Learning and transfer from a simple dynamic system2005In: Scandinavian Journal of Psychology, ISSN 0036-5564, E-ISSN 1467-9450, Vol. 46, no 2, p. 119-131Article in journal (Refereed)
    Abstract [en]

    The amount of learning gained from being assisted in completing the task of bringing a predator-prey system into equilibrium by controlling the predator population was investigated. Learning was explored both by post-task questioning and by testing for transfer to another predator-prey task. Participants were 28 undergraduate psychology students, all female. They were randomly and evenly split into an experiment group that was subjected to a learning session with the first task before being tested in the second task, and a control group that only performed the second task. What was most needed in the first task was help in sticking to analytically derived conclusions by resisting "common sense" responses. There was a significant transfer effect on performance to the second task, stemming from learning shown by half the participants in the experiment group. The other half showed hardly any learning. Learning in about half the subjects has proven a stable finding.

  • 9.
    Jensen, Eva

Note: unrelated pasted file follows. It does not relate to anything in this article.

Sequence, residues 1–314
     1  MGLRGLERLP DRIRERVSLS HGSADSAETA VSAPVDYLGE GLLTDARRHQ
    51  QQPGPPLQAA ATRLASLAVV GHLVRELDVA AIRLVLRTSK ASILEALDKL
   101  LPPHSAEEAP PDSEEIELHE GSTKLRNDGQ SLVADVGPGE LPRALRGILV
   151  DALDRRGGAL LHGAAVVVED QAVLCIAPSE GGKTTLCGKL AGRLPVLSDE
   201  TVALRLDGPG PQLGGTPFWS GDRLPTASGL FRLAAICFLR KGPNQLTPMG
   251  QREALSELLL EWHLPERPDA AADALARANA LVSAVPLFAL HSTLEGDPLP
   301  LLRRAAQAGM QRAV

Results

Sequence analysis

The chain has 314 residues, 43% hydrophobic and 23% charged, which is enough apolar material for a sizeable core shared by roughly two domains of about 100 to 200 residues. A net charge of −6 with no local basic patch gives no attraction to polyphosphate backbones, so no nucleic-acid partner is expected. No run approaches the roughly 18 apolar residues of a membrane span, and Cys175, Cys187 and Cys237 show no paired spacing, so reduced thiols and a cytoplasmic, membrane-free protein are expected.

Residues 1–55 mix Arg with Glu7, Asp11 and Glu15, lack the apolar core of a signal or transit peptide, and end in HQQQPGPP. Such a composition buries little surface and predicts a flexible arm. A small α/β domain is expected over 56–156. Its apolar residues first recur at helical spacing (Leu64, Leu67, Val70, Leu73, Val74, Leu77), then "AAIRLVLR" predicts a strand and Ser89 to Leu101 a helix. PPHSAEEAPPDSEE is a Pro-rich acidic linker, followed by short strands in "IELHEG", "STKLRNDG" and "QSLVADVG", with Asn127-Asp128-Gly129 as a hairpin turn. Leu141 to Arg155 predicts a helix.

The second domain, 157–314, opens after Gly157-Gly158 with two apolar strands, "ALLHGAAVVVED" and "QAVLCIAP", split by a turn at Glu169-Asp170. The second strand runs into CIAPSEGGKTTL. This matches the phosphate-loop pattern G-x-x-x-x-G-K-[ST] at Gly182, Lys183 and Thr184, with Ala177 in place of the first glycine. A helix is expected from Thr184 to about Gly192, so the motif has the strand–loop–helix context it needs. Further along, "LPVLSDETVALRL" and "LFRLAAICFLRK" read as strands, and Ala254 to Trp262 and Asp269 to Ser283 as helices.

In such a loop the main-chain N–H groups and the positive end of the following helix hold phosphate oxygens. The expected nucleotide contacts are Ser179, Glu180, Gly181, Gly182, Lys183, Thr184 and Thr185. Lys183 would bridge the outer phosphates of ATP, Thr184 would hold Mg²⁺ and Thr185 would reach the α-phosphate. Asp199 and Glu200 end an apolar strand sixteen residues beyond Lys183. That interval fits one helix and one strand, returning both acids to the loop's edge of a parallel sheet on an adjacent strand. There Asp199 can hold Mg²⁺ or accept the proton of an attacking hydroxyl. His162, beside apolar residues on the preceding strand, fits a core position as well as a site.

Swedish National Defence College, Department of Military Studies, Command & Control Studies Division.
    Mission design: fitting the solution to the problem2010In: Proceding of the 15th International Command and Control Research and Technology Symposium, 2010Conference paper (Refereed)
  • 10.
    Jensen, Eva
    Örebro universitet.
    (Mis)understanding and learning from feedback relations in a simple dynamic system2003Doctoral thesis, comprehensive summary (Other academic)
  • 11.
    Jensen, Eva
    Swedish Defence University, Department of Military Studies, Military-Technology Division.
    Modelling command and control in networks2014In: Network Topology in Command and Control: Organization, Operation, and Evolution / [ed] T. J. Grant, R. H. P. Janssen, & H. Monsuur, Hershey, PA: IGI Global, 2014, p. 71-84Chapter in book (Refereed)
    Abstract [en]

    This chapter proposes an approach to modelling the functions of C2 performed over a network of geographically distributed entities. Any kind of command and control (C2) organisation, hierarchical, networked, or combinations thereof, can be represented with this approach. The chapter also discusses why a theory of C2 needs to be expressed in functions in order to support design and evaluation of C2 systems. The basic principle of how to model functions performed by network is borrowed from Cares’ network model of warfare, which is also used to model the context in which C2 is performed. The approach requires that C2 is conceived of as fulfilling a set of necessary and sufficient functions. Brehmer proposes such a theoretical model that is at a sufficiently high level of abstraction to illustrate the suggested approach. More detailed models will be required, however, for the approach to be of practical use.